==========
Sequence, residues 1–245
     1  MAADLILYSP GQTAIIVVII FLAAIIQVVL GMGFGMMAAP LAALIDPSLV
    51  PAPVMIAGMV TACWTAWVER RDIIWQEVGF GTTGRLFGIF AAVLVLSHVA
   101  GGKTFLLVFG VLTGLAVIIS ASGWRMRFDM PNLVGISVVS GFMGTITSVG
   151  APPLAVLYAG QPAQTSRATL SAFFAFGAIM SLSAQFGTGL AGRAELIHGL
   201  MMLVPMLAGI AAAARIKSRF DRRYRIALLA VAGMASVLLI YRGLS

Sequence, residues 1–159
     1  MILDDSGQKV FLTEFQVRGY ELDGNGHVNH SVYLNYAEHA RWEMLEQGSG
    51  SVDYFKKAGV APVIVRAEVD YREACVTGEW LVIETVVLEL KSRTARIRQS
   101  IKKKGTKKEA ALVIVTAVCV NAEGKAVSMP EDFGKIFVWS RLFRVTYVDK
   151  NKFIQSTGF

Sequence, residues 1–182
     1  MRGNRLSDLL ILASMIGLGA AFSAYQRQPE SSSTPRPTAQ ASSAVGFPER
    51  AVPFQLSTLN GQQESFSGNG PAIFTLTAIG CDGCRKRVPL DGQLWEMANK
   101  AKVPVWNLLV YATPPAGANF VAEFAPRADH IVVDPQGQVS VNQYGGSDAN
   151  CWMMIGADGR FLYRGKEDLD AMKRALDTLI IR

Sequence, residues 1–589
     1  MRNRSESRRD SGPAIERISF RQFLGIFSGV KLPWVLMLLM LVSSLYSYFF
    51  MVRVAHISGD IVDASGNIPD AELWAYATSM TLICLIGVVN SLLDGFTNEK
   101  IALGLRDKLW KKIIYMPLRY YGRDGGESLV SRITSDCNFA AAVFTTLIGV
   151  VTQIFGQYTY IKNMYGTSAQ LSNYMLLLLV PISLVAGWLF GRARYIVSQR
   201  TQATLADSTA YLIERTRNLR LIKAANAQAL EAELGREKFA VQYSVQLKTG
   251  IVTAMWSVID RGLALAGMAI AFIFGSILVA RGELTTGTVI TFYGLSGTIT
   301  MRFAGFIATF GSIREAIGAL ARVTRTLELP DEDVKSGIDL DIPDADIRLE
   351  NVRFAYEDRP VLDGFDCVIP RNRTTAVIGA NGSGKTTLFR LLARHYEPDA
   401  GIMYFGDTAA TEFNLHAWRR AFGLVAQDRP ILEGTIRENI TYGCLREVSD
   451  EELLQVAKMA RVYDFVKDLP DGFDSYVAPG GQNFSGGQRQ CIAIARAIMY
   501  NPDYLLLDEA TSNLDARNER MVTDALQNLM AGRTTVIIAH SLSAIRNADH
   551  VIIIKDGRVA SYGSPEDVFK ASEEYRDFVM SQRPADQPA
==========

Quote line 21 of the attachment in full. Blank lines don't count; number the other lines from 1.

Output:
   151  VTQIFGQYTY IKNMYGTSAQ LSNYMLLLLV PISLVAGWLF GRARYIVSQR